Sometimes, you’ve just gotta laugh a little.  Even when life seems serious.  Jesus was a “man of sorrows acquainted with suffering,”  but he must have had a playful side.  His parables were often laced with irony and wit.  He hung out with coarse fishermen.  Sinners felt comfortable in his presence.  Even little children were drawn to Jesus.  And children usually steer clear of someone who is no fun.

We’re on day seven of our 21 Day Fast for Pastor Saeed. Some of you may be wondering if fasting works.  I hope to encourage you with a story about one of the first times I ever fasted.  In the end, there was an answer to my prayers, with a humorous twist that still makes me laugh.  For me,  the episode was unforgettable and opened my eyes to the power of prayer and fasting.  It happened when my almost twenty year old son was nearly two.


“This Kind only Comes Out by Prayer and Fasting”

After the birth of a beautiful daughter and a fine strong son, I still felt like our family wasn’t finished.  We had agonized through years of infertility before having our two children. People wondered why would we put ourselves through more anguish and expense when we already had a daughter and a son.  I could only describe my feelings by explaining that it was as if someone was “trying to come to us.” And sure enough, just a couple of months shy of my fortieth birthday, our little Michael made his entrance into this world.

Our lives, which had become fairly predictable with a nine year old and almost six year old, took a sudden detour back to the world of diapers and midnight feedings. Things were made easier by the fact that Michael was a happy child. But he was also active,  curious and always into something.

Michael’s curiosity as a toddler was the reason I had to call poison control three times in one week. He  swallowed a penny, drank a bottle of ear drops, and ate half a tube of toothpaste all in the same week.   This is still a family record.

Michael began developing sinus infections the winter before his second birthday.  The repeated infections were resistant to antibiotics, and grew more serious by the day.  This forty-something mother of a toddler was exhausted. Doctors were baffled.  Our next step would be a series of x-rays to determine the cause of the infections.

Six weeks into this saga, I decided in desperation to fast for our son.  I had little experience with fasting, but I was at the end of my rope. I wasn’t sure how one even did such a thing.  So I resolved not to eat. Throughout the day,  I went to God over and over with the same simple prayer:  “Help, Lord…we’ve tried everything. Surely You know what is causing these infections. Please show me!”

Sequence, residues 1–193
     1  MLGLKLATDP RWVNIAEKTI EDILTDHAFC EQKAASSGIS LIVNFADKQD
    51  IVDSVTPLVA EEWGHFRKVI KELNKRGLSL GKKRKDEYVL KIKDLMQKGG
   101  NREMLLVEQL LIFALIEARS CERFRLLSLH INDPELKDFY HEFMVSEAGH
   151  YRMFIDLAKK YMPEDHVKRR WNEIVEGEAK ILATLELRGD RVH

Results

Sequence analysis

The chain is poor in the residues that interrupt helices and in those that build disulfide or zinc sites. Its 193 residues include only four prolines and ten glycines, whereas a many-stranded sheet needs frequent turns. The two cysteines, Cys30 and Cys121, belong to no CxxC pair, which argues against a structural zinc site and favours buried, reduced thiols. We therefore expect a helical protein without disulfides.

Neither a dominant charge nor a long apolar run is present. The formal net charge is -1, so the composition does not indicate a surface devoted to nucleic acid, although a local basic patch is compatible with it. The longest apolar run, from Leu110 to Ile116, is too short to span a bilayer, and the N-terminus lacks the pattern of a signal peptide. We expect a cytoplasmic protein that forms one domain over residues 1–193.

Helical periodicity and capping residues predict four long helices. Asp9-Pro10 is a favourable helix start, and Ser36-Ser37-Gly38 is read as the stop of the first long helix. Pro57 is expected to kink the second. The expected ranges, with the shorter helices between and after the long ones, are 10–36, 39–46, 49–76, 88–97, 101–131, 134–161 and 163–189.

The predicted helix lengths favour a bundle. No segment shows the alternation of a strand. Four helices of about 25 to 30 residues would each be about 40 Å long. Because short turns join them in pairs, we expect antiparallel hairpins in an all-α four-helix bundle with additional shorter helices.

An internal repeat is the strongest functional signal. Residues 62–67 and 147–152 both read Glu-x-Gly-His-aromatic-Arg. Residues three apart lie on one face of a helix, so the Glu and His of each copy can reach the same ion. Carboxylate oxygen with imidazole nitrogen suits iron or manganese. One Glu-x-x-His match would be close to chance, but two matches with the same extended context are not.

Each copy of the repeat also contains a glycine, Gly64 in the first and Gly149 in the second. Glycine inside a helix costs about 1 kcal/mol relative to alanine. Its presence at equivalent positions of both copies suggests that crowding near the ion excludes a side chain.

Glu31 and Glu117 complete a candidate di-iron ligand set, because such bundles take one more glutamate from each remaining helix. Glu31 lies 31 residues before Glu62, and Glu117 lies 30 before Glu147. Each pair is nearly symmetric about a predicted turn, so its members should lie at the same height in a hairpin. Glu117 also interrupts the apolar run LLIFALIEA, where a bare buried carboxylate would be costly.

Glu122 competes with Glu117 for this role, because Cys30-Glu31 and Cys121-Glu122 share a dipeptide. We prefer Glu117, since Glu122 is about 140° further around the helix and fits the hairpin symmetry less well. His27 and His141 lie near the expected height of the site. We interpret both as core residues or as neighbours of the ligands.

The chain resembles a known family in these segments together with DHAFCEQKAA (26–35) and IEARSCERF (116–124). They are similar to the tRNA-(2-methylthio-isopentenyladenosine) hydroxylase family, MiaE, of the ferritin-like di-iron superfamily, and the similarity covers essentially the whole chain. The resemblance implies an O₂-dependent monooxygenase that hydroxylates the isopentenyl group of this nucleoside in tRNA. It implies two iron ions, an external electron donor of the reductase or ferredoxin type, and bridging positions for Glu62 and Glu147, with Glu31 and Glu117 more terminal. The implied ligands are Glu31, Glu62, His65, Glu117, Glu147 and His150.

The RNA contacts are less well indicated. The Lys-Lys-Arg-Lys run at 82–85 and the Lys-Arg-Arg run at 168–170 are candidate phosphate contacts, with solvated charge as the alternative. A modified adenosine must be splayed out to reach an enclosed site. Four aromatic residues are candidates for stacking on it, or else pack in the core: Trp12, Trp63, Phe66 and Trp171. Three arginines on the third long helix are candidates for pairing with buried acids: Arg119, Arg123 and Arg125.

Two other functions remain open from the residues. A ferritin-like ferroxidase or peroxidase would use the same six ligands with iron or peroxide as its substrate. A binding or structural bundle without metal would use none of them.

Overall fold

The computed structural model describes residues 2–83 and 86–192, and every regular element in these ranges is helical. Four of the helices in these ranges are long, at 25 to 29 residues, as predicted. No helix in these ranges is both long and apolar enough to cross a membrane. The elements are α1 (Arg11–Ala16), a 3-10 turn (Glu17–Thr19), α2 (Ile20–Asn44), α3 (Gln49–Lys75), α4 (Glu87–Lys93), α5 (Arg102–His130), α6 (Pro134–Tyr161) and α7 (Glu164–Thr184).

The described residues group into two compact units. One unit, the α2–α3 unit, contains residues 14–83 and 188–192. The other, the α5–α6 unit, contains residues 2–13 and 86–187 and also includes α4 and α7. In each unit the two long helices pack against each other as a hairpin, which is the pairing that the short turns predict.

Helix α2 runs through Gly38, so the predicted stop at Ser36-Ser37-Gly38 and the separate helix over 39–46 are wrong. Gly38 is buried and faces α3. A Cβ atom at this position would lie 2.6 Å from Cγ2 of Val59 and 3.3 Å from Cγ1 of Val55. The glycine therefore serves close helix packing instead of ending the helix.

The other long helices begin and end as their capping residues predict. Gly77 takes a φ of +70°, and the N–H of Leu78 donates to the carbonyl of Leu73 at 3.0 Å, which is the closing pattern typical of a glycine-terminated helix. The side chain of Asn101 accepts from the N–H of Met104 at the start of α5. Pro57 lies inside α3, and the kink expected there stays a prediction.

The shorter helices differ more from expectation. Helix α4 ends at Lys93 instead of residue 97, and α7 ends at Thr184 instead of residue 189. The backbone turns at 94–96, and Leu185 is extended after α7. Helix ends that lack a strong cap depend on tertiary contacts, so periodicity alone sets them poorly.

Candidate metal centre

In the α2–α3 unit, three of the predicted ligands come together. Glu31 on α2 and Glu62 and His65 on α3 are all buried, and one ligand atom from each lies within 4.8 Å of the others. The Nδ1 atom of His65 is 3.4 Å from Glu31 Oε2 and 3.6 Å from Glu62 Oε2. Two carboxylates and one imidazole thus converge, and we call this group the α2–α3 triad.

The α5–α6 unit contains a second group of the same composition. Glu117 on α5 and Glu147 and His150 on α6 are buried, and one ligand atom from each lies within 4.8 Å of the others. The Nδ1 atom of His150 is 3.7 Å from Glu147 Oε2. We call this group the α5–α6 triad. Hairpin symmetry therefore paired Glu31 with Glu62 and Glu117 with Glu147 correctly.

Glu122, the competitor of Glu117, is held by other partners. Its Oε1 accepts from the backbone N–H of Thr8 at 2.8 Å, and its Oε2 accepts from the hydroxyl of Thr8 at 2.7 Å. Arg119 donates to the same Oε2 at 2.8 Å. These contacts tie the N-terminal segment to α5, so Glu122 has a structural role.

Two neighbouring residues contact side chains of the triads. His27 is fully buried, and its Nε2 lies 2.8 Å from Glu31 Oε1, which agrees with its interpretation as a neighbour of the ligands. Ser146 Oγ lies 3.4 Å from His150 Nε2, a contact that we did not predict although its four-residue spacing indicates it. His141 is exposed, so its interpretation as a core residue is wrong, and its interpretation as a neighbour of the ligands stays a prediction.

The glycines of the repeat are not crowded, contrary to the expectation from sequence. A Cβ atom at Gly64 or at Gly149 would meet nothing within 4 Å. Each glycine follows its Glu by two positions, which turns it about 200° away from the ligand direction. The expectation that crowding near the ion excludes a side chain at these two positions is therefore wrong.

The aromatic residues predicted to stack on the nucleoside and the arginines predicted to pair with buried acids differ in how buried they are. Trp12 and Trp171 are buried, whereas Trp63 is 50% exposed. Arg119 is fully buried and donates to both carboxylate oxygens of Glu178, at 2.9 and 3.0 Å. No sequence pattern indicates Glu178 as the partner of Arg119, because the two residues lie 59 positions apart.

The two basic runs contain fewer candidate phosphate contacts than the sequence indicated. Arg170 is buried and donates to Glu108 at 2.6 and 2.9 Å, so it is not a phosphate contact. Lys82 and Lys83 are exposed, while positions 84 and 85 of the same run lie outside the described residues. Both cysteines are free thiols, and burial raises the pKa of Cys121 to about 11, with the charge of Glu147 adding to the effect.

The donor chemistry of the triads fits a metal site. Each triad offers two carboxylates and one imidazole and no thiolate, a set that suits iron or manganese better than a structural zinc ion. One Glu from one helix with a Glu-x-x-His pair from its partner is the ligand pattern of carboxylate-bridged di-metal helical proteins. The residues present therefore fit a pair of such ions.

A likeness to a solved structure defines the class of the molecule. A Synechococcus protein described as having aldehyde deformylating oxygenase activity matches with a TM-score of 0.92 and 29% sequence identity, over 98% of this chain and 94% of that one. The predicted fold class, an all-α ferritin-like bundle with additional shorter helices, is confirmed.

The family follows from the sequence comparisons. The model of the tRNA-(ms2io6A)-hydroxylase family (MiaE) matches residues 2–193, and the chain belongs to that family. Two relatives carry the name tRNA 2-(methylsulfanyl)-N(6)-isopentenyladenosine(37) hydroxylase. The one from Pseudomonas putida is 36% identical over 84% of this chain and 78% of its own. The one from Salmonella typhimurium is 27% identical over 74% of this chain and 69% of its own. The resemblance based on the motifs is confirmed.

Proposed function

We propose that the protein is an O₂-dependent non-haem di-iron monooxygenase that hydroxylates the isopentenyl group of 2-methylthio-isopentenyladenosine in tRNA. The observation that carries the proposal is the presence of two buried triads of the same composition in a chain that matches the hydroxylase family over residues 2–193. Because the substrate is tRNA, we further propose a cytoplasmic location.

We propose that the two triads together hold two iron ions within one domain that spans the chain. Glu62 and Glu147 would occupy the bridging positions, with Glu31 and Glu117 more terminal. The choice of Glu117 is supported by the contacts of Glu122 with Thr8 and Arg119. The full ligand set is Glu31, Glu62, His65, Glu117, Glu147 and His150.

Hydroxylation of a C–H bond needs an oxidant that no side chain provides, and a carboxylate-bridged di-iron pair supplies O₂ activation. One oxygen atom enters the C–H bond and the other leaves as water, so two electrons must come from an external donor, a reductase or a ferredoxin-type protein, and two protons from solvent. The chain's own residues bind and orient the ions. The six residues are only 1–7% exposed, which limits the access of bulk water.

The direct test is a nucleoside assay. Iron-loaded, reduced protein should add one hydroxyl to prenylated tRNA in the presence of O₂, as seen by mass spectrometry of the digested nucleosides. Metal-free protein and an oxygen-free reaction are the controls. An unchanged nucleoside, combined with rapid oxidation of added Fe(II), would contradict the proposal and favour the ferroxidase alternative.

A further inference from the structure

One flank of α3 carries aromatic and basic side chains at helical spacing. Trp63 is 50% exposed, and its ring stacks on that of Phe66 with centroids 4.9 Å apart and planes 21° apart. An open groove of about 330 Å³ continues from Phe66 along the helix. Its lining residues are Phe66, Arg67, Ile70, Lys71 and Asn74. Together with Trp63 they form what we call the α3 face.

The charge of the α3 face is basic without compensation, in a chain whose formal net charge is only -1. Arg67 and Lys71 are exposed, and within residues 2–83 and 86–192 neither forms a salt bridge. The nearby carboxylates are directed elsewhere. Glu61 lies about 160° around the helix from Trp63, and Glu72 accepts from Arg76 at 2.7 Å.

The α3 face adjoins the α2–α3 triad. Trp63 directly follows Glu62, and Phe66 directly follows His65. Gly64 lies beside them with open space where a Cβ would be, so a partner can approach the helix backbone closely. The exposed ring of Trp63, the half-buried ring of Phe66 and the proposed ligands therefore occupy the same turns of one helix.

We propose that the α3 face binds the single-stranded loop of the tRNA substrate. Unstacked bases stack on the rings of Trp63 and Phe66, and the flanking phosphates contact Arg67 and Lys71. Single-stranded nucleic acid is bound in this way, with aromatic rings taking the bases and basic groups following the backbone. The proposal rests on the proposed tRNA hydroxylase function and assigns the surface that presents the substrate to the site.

After naptime, I let Michael venture outside to play for a little while.  It was unusually warm for February and he had been cooped up for weeks.  A few minutes later, he ran inside pointing to his nose. For a split second, I simply thought he wanted me to wipe it.  Looking closer I caught my breath.  A partially lodged brass pin-back (the kind used to fasten a sports insignia) was sticking out of Michael’s left nostril!

As I gently removed the badly tarnished (and very gross) pin-back,  it suddenly dawned on me that this was the culprit of our forty-day ordeal!  When I asked Michael how the thing got into his nose,  he explained, in toddler language, what happened.  Weeks earlier, he had climbed out of his crib one night and crawled up on his big brother’s bed.  He unfastened one of the sports pins on his brother’s baseball cap and stuck the pin-back in his nose.  Seriously??

We stood there, incredulous, Michael and I,  half-laughing and half-crying.  I could hardly believe what had just happened. And right at that moment, a calm, yet somewhat amused inner voice seemed to whisper the same words Jesus once spoke to his disciples.  Words I have never forgotten:  “This kind only comes out by prayer and fasting.” 

*You can read the entire story in  Mark 9.


mom’s three minute rule

Don’t worry about anything. Instead, pray about everything. Tell God what you need… Philippians 4:6

How many times on any given day are you tempted to lose your patience? If you’re like me, the answer is plenty. Next time a petty problem causes you to unravel, I challenge you to pause. Try to wait for three minutes before you allow yourself to become anxious. Time yourself if necessary, but stay calm. Just for three minutes. Then see what happens. I’m amazed at how many of life’s little whirlwinds clear up in three minutes! My kids have come to call this “Mom’s three minute rule.”

It’s the minor irritations that quickly steal our joy. It’s the “little foxes,” marriage counselors will tell you, that nibble away at our marriages. And it’s the trifling annoyances that rob our daily calm.

What if we stood up to the enemy and said, “No! I will not surrender my peace of mind.” I may not be able to keep my cool forever, but surely I can wait for three minutes. Especially if I remember to turn the matter over to God through prayer. Cast all your anxieties on Him because He cares for you, we’re reminded in 1 Peter 5:7. But casting your anxieties, I’ve learned, takes a bit of spiritual muscle.  Continue reading